Patman3Patman3 Solar Expert Posts: 62 ✭✭✭✭
Using what I learned here so far ( Thanks posters!) I rewired my two Mitsubishi 110W panels from 14 Ga 35' to 10 Ga 25' wires each panel, parallel 12V.  I did the changeover work at Noon, why I don't know but I was able to take before and after readings. I didn't want to loose any energy so I was all set to hot swap at 12:30 PM.  My frackin panels were 161 degree F underside, using an IR thermometer, and the Al frame was 126 degrees (near Las Vegas, NV, 36, 114), Ambient 96.
14 Ga 9.6-9.8 Amps max
10 Ga 11.0-11.1 Amps max
I will get 16 more watts for years to come - Thanks again!!!
Edit note: 500 foot wire spool $110. .22/foot, 50' per panel, $11 per panel to wire. A small price to pay for more efficiency.

I wonder if I should try those amorphous 64 watt panels? They have a much lower Vmp, so I may still be better off with these.


  • nielniel Solar Expert Posts: 10,300 ✭✭✭✭
    Re: Results

    i don't recommend that you mix other pvs especially the amorphous type unless it is fed to an another controller independent of the one operating the mitsubishis. i'm glad to hear the wire change helped that much.
  • Patman3Patman3 Solar Expert Posts: 62 ✭✭✭✭
    Re: Results

    I wonder which would be better for me in such heat (72C, derated 20% or more).
    or what I have now
    I noticed a yellow dot on each of the plastic wire cover plates and asked the guy and he said as far as he knew they aren't factory seconds.  I would think a green dot would be better, at least it's not red.  I ordered two KC-130's from our host, maybe replace them, but if I try those 64 watters I would not mix them because of the Vmp difference.  They are more expensive plus take up more roof space 4 panels vs. 2 now.
  • nielniel Solar Expert Posts: 10,300 ✭✭✭✭
    Re: Results

    in paralleling the mitsubishis and the kyoceras there is a .5v differential and you will lose the extra .5v presented by the kc130s. multiply that by the current from them and you get a loss of 3.695w per kc panel or 7.39w lost for 2. this is why i said stay with the same pvs unless you know what you are doing or deal with a loss. now when mixing them if you run the kcs into one controller and the mitsus into another controller then they will work at full potential. that means 2 sb2000 controllers unless you wish to upgrade to one that handles more overall power for the kcs and to expand on the number of kcs while leaving the mitsus on the sb2000. if you were to parallel them and accept the loss and then decide to go with the unisolar pvs to be paralleled too then you will lose even more power from the kcs(1.1vx7.39amp per kc pv) and the mitsus will also have a loss now.(.6vx6.43amps per mitsu pv)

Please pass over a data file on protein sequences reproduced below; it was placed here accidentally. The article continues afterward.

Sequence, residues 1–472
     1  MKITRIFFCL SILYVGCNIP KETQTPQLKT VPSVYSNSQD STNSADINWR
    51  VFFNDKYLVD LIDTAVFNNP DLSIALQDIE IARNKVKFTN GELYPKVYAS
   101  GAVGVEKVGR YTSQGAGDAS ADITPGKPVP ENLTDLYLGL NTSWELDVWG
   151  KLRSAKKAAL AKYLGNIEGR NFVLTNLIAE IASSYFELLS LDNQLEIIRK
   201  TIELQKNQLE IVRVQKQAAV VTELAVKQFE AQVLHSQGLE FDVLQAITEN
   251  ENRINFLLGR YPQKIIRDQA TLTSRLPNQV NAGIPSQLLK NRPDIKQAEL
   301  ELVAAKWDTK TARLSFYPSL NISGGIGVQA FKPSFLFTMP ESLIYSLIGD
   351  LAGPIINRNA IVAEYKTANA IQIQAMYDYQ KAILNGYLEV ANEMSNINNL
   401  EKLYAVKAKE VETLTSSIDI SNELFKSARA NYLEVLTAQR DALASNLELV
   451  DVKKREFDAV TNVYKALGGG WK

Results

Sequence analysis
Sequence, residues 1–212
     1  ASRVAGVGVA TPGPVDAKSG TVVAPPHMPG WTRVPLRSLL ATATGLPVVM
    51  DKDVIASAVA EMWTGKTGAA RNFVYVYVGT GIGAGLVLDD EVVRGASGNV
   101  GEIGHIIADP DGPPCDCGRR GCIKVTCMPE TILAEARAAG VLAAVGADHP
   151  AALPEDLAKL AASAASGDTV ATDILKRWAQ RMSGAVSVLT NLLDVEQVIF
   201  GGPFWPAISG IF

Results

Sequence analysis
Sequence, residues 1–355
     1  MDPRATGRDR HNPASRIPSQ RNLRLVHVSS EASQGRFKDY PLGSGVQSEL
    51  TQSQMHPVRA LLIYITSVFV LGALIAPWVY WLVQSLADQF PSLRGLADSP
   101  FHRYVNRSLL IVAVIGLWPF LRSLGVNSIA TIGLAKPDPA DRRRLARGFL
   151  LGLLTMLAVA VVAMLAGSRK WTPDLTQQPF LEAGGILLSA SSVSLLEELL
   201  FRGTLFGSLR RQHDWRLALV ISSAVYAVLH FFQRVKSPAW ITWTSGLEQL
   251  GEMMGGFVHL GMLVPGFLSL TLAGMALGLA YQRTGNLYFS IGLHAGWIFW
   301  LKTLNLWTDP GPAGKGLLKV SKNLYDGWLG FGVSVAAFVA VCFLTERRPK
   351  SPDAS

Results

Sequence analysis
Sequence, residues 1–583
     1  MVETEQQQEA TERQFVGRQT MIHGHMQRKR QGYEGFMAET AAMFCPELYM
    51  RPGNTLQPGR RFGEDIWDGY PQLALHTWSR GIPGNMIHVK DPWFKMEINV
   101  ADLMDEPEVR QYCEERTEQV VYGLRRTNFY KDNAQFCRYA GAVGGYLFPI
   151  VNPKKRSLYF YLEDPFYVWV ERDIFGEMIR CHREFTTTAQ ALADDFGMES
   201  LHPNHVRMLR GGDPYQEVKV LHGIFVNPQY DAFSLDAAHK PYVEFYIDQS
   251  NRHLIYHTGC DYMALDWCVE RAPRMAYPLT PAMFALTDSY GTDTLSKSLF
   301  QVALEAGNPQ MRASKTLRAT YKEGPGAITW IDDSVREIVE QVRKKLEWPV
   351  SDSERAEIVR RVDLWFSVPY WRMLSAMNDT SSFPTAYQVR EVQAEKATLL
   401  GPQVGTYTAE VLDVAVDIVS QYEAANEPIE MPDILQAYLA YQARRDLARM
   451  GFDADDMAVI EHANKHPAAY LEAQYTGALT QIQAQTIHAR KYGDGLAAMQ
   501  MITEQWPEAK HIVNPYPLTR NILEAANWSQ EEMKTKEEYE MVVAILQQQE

i'm modifying this to say also that if you are using 4 mitsubishi 110s into that sb2000 that you are negating much of your current potential. i could be wrong on that because you indicated about 11.1amps realized with the wire change. if you plan 2 mitsus with 2 kc130s that is over current as well for the sb2000. each mitsu pv has a current rating of 6.43amps x 4pvs(as indicated in your signature area) = 25.6amps. the 25amp rating on the sb2000 is the mppted output. all mppt controllers are rated on their output current so divide that by 1.25 for the input current. the input rating on the sb2000 would be 20amps and you are 5.6amps over that. you get 0 mppt benefit with 4 of the mitsus paralleled. we like to see everybody get the most from their pvs so please make some changes and it seems your primary needs are in the controllers you choose. have a seperate controller for each type of pv you employ and make sure the controllers can handle the power you are inputting to them. make very sure each controller has the remote battery temp sensor as well.
  • System2System2 Posts: 6,290 admin
    Re: Results

    i have 24 100watt 12/24v panels . they are well above the mx60 output of 1. i still have a 220v airconditioner so extra power would be great. anyone out thier se a reason why i can not run in series, to a breaker, for cut off purposes, then to the pos. and neg. bus of the dc inverter.
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